Then things started to get a little bit difficult. We had a new management team come in, and things were immediately very different. I think it almost immediately started to go wrong. All of a sudden, the goals and targets seemed to have changed but we weren’t sure how they’d changed, and it wasn’t being communicated to us. I suspect if we’d all been in an office together this would have been fine. But because we were all working remotely, because we weren’t seeing each other, because we weren’t having the team meetings that we were used to having, it did become very difficult. Morale within the team was extremely low.  We very much felt that what we were doing wasn’t valued. My own mental health at that point started to really suffer. Although we felt we were hitting the targets, we weren’t always getting that feedback from management. That became a very unhappy time unfortunately. 

So yeah, the opportunity for me came up to take on a new job in Livingston, still with TCV. It felt like the right time to go, for the good of this project as well as for the good of myself. I moved over to another Health and Wellbeing project in West Lothian. I was able to take the experiences and the knowledge that I gained from here to that new post. I'm using the same techniques, I’m using the same processes, in some cases using similar contacts, and delivering a new project. So I’m really proud of that. My version of Wild Ways Well still lives on.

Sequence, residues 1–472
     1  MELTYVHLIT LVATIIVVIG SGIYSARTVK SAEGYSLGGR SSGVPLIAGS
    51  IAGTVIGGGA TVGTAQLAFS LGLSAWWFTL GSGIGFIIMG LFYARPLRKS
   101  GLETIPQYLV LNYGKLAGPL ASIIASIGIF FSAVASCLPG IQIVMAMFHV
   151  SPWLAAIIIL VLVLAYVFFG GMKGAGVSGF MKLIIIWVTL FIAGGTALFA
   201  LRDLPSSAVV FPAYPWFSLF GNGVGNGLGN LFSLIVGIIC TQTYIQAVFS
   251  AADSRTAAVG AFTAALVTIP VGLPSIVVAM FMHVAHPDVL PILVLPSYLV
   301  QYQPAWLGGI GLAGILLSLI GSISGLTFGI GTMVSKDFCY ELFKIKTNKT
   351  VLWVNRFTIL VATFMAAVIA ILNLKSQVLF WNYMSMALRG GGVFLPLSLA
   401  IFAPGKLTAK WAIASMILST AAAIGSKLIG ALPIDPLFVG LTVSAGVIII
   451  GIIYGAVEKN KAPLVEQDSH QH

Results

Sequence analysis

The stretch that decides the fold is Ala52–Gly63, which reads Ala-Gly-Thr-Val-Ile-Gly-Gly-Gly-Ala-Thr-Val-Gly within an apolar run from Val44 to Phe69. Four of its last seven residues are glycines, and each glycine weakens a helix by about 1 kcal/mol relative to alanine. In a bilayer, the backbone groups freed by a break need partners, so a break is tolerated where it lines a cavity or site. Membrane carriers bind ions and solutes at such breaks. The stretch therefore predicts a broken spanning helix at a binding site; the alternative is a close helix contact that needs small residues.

I came into this as a trainee with no prospects of employment, no prospects of working in conservation, no belief in myself as someone who could work in conservation, or who could manage a project, or who could deliver a project like this, and CNC showed me that I can. They’ve showed me that I’m capable of doing this, that I can achieve things in my working life that I never thought I would be able to do. So if that Lottery money hadn’t been there and I hadn’t been able to extend that project on, I probably would have went back to being unemployed and… who knows what that would have done to me at the time, whether I would have had the confidence to continue working, or the belief in myself, having been told all my life that you’ll never work, and you’ll never be able to do this kind of thing. I developed mental resilience. I learnt a lot about how to work with volunteers, I learnt all the stories of the volunteers that we work with, which has shaped my practice, and shaped what I do now. And although we’re calling it something different, I’m delivering Wild Ways Well in Livingston now. I’ve been able to train other people in delivering it. I know there are other people now delivering Wild Ways Well across the Central Belt, and hopefully that will continue elsewhere. Because I believe in Wild Ways Well as a model, I genuinely believe in this kind of green health model. It works. And I’m proud of the version that we developed here.


This is part of the project 'Stories of nature connections' (


Project Information
Project Type: 
Active Project


Areas of Interest

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The James Hutton Research Institute is the result of the merger in April 2011 of MLURI and SCRI. This merger formed a new powerhouse for research into food, land use, and climate change.